As the Modi 3.0 government’s first full-fledged Budget approaches on July 23, the issue of job creation has sparked a heated debate. Economists are divided over the interpretation of publicly available data on how effectively the country has addressed unemployment.

While some economists, using government and RBI data, argue that India has performed well in job creation over the last decade, others contend that the official employment data primarily reflects increased opportunities in agriculture over the last few years rather than the creation of “formal jobs with regular wages”.

Jobless growth

This comes at a time when the RBI recently raised growth projection for economy for 2024-25 to 7.2 per cent from earlier 7 per cent. While critics are quick to claim that India is experiencing “jobless growth”, the government has cited EPFO data to buttress its point of increased job creation over the last five years.

The RBI on Monday said that the employment in the economy in FY24 for the fiscal year ended March 31, 2024 rose by 46.7 million to a total of 643.3 million, up from 596.7 million a year ago.

Low productivity jobs

Madan Sabnavis, Chief Economist, Bank of Baroda, said that one has to accept the numbers put out by the government and the RBI, rather than relying on private agency data disseminations. “The conclusion I draw is that job creation has happened, the numbers have gone up but to low productivity sectors like agriculture, construction and trade”, he said.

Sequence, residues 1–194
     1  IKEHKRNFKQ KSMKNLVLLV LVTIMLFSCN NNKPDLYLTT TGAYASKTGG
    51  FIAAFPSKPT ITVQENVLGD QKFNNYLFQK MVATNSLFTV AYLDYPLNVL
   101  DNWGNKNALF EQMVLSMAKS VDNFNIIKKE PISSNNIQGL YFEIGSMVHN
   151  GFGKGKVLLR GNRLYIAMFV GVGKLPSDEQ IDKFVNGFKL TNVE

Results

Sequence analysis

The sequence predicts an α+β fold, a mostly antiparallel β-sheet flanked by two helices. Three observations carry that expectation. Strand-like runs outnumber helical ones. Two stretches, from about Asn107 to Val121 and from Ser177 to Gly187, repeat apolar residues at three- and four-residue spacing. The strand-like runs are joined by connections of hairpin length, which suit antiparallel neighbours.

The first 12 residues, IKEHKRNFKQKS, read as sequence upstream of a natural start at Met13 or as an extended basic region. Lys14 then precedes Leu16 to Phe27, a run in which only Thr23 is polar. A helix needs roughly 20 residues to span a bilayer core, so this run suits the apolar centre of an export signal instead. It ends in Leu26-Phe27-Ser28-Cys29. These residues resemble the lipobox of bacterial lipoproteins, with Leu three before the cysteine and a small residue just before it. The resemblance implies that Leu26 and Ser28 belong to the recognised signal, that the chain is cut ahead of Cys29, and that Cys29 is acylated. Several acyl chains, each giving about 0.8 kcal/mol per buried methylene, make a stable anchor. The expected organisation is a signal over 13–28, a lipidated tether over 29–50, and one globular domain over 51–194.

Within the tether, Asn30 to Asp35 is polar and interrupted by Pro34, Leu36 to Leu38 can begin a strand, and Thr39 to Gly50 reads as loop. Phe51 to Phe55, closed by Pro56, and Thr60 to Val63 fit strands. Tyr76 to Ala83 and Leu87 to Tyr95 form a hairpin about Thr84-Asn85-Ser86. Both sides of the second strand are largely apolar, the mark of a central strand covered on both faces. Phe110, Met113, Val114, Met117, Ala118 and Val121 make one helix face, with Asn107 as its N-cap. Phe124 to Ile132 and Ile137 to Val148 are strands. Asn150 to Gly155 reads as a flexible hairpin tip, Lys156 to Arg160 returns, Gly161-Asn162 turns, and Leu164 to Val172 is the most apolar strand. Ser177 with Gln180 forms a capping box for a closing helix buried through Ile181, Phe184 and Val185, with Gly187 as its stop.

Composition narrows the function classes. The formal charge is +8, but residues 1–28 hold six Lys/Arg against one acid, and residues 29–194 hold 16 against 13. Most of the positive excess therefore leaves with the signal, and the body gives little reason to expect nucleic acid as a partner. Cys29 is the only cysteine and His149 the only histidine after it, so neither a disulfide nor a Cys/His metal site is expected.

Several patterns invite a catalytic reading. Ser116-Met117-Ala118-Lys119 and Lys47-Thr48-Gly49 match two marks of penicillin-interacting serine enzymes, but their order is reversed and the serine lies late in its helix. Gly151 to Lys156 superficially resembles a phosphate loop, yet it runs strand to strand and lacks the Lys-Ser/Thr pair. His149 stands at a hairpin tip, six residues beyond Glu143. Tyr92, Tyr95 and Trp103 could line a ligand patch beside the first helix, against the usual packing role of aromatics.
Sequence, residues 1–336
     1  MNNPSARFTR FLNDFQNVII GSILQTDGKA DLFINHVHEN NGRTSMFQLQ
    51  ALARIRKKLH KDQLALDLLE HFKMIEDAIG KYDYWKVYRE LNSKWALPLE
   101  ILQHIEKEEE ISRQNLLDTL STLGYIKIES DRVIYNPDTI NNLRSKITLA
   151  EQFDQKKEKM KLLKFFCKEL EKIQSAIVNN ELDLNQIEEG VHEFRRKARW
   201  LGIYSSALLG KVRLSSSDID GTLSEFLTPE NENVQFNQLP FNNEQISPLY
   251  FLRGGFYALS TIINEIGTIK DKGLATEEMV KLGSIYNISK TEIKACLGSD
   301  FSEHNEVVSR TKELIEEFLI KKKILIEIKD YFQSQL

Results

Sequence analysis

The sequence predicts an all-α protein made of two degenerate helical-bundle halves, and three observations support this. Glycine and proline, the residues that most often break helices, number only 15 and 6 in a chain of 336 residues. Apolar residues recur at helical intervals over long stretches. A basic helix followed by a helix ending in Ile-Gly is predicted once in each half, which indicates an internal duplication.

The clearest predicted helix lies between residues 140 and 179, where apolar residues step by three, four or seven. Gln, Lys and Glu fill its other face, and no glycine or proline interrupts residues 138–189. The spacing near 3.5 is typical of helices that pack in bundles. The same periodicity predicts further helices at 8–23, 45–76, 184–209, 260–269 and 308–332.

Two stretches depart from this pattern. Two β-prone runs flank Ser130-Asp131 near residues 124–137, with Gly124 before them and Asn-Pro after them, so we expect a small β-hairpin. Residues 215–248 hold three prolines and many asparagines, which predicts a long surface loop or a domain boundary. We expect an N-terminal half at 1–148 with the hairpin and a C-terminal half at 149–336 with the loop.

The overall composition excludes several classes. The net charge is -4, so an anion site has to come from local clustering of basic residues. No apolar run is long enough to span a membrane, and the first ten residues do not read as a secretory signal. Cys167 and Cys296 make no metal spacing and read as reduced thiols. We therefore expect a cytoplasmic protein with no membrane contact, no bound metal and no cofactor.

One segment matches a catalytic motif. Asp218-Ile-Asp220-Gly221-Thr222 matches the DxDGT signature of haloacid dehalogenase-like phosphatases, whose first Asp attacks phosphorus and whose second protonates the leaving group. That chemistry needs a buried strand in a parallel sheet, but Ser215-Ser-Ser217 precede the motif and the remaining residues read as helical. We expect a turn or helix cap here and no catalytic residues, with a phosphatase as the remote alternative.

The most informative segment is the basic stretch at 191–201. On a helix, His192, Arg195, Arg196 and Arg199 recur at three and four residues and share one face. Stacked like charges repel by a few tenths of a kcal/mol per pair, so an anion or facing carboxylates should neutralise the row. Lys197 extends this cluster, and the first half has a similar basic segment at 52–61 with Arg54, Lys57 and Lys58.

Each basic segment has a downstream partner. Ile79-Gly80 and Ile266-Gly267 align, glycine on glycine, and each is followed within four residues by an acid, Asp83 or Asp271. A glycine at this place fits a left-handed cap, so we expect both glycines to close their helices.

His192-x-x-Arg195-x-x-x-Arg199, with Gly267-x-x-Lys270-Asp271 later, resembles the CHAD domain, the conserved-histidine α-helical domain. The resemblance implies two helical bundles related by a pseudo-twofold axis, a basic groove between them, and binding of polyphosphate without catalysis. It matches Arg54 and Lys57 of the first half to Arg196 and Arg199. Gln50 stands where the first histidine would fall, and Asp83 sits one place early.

This is a clear pointer that policies have to concentrate on education and on making people better skilled so thatthey move into high productive jobs.

Sabnavis underlined that the share of manufacturing in employment has come down while it has gone up in low-productivity sectors like agriculture.

However, there is a strong contrarian view that India has actually done well in job creation.

Problem masked

T C A Anant, former Chief Statistician of India, said that the country has certainly performed better on the job creation front over the last decade. “I don’t agree with the notion that official data put out is masking India’s job problem. This is because the official data includes EPFO data. For the first time official data is showing rise in workforce participation rate (WPR),” he said.

“So the ones who were earlier pointing to fall in WPR as a sign of India not employing everybody are now saying that these people are working but not getting good jobs. The narrative has shifted,” Anant told businessline.

The bottomline of increased WPR is that more and more people are working in a space where the ILO wants to define “work”. 

“We are creating large job opportunities. Relative to our own history, we are today much better off in job creation than what we were in the last fifteen years (from 2009)”, he said.

“Certainly between 2019 and 2024 (excluding the Covid years) we did a good job but in 2014-19 we bottomed out and stagnated for a while in job creation. There was significant disruption to economic activity due to disruption in the initial year of GST implementation. Covid was a big dip. Even accounting for Covid we had done well,” he added.

Anant noted that the aspect of quality of jobs are jobs. However the problem with job quality is that India does not have good data on “job quality” prior to 2016-17 and, therefore, it will only be guesswork on the quality of jobs created with respect to the past.

Earlier this week, the Labour Department figures showed 20 million new employment opportunities generated each year since 2017/18 as a counter to a Citibank report that said only 8.8 million jobs were added each year since 2012.